Palo Alto

How to Configure Active Directory Server in Palo Alto (LDAP)

How to Configure Active Directory Server in Palo Alto (LDAP)
In: Palo Alto, Firewall

In this blog post, we'll explore the step-by-step process of configuring Active Directory (LDAP) integration in Palo Alto. This configuration is particularly useful when you want to enable authentication for firewall administrators and VPN users by using their Active Directory credentials.

Before we dive in, let's take a moment to understand the relationship between Active Directory and LDAP. Active Directory is a Microsoft directory service that manages user accounts and resources in a network, while LDAP (Lightweight Directory Access Protocol) is a protocol used for accessing and maintaining directory information.

Add an LDAP Server Profile

Navigate to Device > Server Profiles > LDAP and create a new profile with the following.

  1. Enter a Profile Name to identify the server profile.
  2. Add the LDAP servers (up to four). For each server, enter a NameLDAP Server IP address, and server Port (default 389).
  3. Specify the Base DN and Bind DN along with the password. The Bind DN account must have permission to read the LDAP directory.
  4. If you want the endpoint to use SSL or TLS for a secure connection, enable the option to Require an SSL/TLS secured connection (enabled by default).

What Exactly is the Base DN?

If you're configuring your Palo Alto firewall to talk to your Active Directory through LDAP, you'll need to tell it where to start looking for user accounts and other information. This starting point is called the Base DN.

To figure out your Base DN from the screenshot, you'd look at your domain name, which here is packet.lan. Your Base DN turns into DC=packet,DC=lan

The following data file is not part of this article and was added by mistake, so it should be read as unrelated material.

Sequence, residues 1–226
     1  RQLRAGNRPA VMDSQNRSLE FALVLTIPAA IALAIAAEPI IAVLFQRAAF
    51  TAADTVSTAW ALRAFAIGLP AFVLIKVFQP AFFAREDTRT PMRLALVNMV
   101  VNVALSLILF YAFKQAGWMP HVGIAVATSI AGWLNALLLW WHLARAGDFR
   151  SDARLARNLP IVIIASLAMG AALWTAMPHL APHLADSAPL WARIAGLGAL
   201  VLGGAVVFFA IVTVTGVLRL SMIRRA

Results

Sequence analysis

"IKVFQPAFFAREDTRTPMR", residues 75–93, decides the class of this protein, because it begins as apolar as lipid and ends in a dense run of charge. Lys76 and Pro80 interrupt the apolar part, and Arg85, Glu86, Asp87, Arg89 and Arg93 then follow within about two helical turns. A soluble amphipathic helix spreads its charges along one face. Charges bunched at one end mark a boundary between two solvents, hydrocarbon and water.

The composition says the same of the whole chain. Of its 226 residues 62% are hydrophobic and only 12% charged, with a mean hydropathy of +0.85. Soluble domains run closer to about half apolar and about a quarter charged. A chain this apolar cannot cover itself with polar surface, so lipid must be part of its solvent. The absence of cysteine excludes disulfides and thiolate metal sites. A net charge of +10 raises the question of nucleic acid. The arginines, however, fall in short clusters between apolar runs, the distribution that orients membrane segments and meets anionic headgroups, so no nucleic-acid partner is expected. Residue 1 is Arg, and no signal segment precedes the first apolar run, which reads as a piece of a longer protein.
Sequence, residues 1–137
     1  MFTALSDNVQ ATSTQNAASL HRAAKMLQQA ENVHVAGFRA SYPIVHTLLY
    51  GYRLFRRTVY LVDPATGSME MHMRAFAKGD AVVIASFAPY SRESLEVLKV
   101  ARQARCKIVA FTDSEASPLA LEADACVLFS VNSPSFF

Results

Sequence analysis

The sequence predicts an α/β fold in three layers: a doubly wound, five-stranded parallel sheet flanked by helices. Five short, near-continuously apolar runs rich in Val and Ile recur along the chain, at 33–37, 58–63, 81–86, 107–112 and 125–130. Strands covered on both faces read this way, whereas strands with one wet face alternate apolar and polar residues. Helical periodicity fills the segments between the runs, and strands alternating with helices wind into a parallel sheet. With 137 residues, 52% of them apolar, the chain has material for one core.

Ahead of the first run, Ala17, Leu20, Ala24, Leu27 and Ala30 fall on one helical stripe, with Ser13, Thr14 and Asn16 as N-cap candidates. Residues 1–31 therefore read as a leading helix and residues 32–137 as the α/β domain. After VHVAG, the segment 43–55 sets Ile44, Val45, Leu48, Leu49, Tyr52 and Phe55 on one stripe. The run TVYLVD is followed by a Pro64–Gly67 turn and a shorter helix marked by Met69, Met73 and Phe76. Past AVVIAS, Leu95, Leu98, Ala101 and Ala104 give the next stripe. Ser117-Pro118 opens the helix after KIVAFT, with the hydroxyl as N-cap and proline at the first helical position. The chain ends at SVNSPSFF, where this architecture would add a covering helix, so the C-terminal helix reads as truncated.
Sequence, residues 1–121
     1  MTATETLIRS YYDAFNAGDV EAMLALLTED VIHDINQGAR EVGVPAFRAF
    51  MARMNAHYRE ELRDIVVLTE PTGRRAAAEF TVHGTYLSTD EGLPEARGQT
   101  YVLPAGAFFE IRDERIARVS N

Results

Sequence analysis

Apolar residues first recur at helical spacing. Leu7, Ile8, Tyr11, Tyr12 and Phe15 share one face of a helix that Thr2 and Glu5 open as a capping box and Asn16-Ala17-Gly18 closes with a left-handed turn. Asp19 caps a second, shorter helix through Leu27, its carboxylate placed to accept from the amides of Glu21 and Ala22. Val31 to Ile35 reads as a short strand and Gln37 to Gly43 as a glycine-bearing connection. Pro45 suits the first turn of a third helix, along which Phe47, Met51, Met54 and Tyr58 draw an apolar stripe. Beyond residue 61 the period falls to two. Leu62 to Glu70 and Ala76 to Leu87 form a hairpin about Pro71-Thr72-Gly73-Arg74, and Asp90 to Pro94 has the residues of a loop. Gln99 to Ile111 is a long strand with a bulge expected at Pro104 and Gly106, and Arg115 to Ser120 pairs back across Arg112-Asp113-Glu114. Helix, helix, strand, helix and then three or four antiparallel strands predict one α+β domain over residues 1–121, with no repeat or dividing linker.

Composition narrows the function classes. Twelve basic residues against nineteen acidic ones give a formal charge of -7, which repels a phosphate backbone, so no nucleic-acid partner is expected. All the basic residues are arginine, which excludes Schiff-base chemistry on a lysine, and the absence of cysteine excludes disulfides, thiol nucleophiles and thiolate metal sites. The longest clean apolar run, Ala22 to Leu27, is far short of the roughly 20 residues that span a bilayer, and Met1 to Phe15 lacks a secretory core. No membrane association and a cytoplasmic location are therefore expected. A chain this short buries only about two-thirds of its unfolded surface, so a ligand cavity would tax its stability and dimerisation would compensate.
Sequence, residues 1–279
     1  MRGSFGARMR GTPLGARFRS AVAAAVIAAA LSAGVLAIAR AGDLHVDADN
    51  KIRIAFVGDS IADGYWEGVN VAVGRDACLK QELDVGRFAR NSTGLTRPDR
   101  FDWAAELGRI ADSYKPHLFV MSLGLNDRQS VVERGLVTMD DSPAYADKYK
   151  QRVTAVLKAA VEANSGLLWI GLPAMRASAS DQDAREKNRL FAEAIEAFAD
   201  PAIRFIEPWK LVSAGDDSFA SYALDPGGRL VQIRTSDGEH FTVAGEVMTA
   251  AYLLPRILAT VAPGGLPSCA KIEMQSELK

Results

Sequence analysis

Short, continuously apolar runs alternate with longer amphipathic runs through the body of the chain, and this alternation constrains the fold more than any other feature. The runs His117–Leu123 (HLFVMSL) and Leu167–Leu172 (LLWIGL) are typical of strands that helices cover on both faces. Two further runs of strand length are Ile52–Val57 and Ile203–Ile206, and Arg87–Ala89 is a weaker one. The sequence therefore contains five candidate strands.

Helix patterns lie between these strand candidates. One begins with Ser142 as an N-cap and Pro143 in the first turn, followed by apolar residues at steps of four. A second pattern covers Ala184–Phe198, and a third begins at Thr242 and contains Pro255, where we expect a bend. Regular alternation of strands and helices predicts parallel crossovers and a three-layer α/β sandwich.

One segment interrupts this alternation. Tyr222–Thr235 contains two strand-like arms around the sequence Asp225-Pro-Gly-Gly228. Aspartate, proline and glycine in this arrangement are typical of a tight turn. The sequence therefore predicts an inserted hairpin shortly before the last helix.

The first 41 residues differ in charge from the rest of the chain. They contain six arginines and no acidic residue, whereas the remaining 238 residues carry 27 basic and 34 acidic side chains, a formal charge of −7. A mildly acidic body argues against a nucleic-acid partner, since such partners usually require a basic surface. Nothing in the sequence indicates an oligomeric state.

If you need to get more specific, say just the users, then your Base DN would include the folder for users, like this: OU=Users,DC=packet,DC=lan. That's like saying, "Start looking in the Users folder of the packet.lan domain."

Authentication Profile

The final step is to assign the Server Profile we just created to an Authentication Profile. An authentication profile defines the authentication service that validates the login credentials.

Testing and Verification

The test authentication feature enables you to verify whether the firewall can communicate with the authentication server specified in an authentication profile and whether an authentication request succeeds for a specific user.

admin@palo-01(active)> test authentication authentication-profile ad_auth username max password
Enter password : 
admin@palo-01(active)> test authentication authentication-profile ad_auth username max password
Enter password : 

Target vsys is not specified, user "max" is assumed to be configured with a shared auth profile.

Do allow list check before sending out authentication request...
name "max" is in group "all"

Authentication to LDAP server at for user "max"
Type of authentication: GSSAPI
Starting TLS at ldap://
Starting TLS succeeded
Succeeded to create a session with LDAP server
DN sent to LDAP server: CN=max,OU=Users,OU=EVE Labs,DC=packet,DC=lan
User expires in days: never

Authentication succeeded for user "max"
Parse error for maxPwdAge attr search
Authentication failed against LDAP server at for user "max"

In case you get the error Parse error for maxPwdAge attr search, please ensure that the Base DN you specified is in the correct format such as DC=packet,DC=lan

Written by
Suresh Vina
Tech enthusiast sharing Networking, Cloud & Automation insights. Join me in a welcoming space to learn & grow with simplicity and practicality.
More from Packetswitch
Table of Contents
Great! You’ve successfully signed up.
Welcome back! You've successfully signed in.
You've successfully subscribed to Packetswitch.
Your link has expired.
Success! Check your email for magic link to sign-in.
Success! Your billing info has been updated.
Your billing was not updated.